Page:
However, evidence of patient harm from missed or delayed diagnosis has existed for a decade or more before 2020, when there were few remote consultations and when general practice was not so frantic. The evidence, presented here, draws attention to the questionable competence of some GPs and their inability to recognise red flag symptoms.

This evidence has been hiding in plain sight and can be accessed from the MDU website and its journal. The MDU provides indemnity for doctors. My interest relates to delay in diagnosis of cancer but the MDU site also describes delay in diagnosis of non-malignant conditions.

The UK has the worst cancer survival in the G7 group of countries and also among Western European countries, despite our excellence in research and development of cancer treatments. This week, Cancer Research UK suggested that at least 20,000 cancer deaths annually are avoidable.

Concern has been raised that this poor cancer survival may be because of insufficient diagnostic facilities or the short delays in starting treatment from the time of diagnosis. I would suggest that these are minor causes.

It is an indisputable fact that the best way to reduce deaths from cancer is early diagnosis. Even the best radiotherapy and chemotherapy cannot regain the survival advantage lost from late diagnosis, more advanced disease and the inevitable deterioration in prognosis. Screening is important and the best example is the huge improvement in survival from cancer of the cervix.

The following MDU data on delay in diagnosis is incomplete but nevertheless alarming. In repeated correspondence, the MDU has refused to provide me with any additional data including information on compensation paid, but this is where some of the skeletons lie for further investigation by agencies more important and powerful than I am. The MDU is not subject to freedom of information requests.

In an analysis of 84 complaints and claims for compensation following the late diagnosis of breast cancer in a four-year period, 77 (92 per cent) related to GPs. Most patients were between 30 and 50 years of age when the diagnosis may not have been considered. The two-week urgent pathway was available.

A doctor speaks to patients in a waiting room
'The evidence draws attention to the questionable competence of some GPs,' writes J Meirion Thomas - Ghislain & Marie David de Lossy/Getty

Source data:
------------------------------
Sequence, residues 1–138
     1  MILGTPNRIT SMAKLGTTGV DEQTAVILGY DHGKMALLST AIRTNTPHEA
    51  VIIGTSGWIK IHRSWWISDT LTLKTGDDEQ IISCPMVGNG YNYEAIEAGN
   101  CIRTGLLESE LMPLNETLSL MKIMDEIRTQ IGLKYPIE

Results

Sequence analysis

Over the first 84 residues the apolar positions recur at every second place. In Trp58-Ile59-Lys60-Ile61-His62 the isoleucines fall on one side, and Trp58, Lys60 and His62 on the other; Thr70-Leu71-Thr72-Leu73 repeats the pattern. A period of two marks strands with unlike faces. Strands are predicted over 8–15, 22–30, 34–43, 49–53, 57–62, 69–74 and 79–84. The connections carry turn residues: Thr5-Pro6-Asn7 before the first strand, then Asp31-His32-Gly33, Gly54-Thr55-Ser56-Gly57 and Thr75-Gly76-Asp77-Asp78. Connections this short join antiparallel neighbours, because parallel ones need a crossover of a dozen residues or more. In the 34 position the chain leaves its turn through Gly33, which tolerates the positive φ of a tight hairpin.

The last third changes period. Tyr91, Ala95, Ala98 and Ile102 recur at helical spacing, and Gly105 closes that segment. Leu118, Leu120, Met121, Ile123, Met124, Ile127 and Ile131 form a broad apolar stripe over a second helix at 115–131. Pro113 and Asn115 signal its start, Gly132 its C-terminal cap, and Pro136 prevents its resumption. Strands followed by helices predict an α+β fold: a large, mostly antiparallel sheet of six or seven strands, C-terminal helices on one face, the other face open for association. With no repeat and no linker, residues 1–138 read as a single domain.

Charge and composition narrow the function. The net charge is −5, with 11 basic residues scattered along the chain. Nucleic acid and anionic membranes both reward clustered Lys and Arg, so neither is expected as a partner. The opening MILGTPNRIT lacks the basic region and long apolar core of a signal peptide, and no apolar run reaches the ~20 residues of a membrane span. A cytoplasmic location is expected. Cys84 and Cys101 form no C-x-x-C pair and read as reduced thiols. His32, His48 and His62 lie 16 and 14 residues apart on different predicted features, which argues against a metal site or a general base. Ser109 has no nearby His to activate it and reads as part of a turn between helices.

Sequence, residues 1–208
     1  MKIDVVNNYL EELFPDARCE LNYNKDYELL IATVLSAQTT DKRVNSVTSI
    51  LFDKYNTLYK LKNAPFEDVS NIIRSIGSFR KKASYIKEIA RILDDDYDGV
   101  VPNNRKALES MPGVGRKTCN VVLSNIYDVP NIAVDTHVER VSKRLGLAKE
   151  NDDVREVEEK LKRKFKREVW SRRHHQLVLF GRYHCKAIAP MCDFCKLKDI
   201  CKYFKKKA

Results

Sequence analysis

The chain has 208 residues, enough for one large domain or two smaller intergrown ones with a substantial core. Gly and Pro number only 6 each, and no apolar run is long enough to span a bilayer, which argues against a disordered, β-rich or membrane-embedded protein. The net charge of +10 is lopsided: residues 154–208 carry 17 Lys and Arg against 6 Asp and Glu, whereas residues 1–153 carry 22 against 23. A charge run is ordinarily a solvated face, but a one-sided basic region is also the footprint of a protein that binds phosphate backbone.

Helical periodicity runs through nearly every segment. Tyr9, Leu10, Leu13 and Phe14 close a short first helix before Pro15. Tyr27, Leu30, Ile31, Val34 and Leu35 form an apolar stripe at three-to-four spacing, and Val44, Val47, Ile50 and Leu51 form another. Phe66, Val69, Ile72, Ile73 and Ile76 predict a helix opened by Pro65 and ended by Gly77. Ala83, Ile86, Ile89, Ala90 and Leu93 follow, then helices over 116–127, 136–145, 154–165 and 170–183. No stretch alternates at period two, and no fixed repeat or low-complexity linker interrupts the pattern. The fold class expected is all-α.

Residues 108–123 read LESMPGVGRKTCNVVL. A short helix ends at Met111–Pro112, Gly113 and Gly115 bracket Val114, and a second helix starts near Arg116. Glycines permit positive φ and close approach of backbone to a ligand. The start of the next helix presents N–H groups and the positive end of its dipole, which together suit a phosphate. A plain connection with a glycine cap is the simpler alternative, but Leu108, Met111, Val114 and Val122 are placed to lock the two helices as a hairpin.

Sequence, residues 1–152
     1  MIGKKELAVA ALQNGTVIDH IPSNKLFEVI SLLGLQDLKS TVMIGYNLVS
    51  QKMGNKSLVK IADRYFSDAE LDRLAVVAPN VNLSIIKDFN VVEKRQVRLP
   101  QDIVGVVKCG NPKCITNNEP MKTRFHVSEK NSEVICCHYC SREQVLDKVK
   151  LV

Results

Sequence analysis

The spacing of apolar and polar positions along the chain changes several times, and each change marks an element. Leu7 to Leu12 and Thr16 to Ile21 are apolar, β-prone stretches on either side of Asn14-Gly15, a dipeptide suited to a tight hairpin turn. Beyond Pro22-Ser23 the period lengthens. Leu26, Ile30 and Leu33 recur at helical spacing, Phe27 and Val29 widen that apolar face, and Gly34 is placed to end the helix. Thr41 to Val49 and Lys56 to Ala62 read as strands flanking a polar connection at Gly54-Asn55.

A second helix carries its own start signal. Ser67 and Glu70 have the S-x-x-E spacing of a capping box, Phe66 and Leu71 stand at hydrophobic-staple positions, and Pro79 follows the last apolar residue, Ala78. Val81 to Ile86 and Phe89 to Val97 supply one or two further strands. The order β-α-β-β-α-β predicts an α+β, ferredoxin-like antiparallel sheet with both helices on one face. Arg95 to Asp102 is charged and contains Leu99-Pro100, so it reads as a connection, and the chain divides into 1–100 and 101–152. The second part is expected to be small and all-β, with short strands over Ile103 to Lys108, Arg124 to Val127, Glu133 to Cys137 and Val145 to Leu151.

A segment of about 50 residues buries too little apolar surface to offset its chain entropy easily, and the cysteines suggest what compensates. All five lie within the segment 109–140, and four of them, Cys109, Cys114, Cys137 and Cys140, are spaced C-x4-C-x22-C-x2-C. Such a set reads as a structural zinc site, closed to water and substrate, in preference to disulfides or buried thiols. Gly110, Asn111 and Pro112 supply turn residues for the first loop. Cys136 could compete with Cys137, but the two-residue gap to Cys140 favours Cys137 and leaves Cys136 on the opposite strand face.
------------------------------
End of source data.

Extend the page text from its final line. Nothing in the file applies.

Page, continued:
Following the diagnosis of prostate or testicular cancer, 106 complaints/claims were made to the MDU in a two-year period and 92 per cent were against GPs.

There were 79 complaints/claims in a two-year period following the diagnosis of malignant melanoma (an aggressive skin cancer). Of these, 66 (84 per cent) related to patients seen in general practice. The equivalent figure quoted by the Medical Protection Society, another indemnity provider, was 94 per cent.

Following the diagnosis of the rare bone cancer, myeloma, 61 cases were referred to the MDU in a three-year period, with 76 per cent against GPs.

There were 165 complaints/claims made by patients or their relatives diagnosed with pancreatic cancer in five years, and 209 relating to ovarian cancer in nine years, “mostly” relating to GPs.

The MDU articles describe some GPs being referred to the General Medical Council for further investigation. Repeatedly, they stress the importance of continuity of care and seeing the same GP for repeat visits as methods of reducing diagnostic errors. This is particularly important when cancer symptoms are vague and non-specific as, for example, in ovarian or pancreatic cancer.

This advice is contrary to the current ideology of group general practice where patients are regarded as the responsibility of the practice and not of a named GP. That risk is compounded by part-time working and the liberal use of locums.

Admittedly, GPs work at the cutting edge of medicine. They are generalists and are exposed to the whole spectrum of medical diseases. Nevertheless, to improve, they will need longer hospital training and a greater commitment to continuity of care.

It is hard to avoid the conclusion that at least to some extent, GPs are responsible for the poor cancer survival in the UK.

J Meirion Thomas is a recently retired cancer surgeon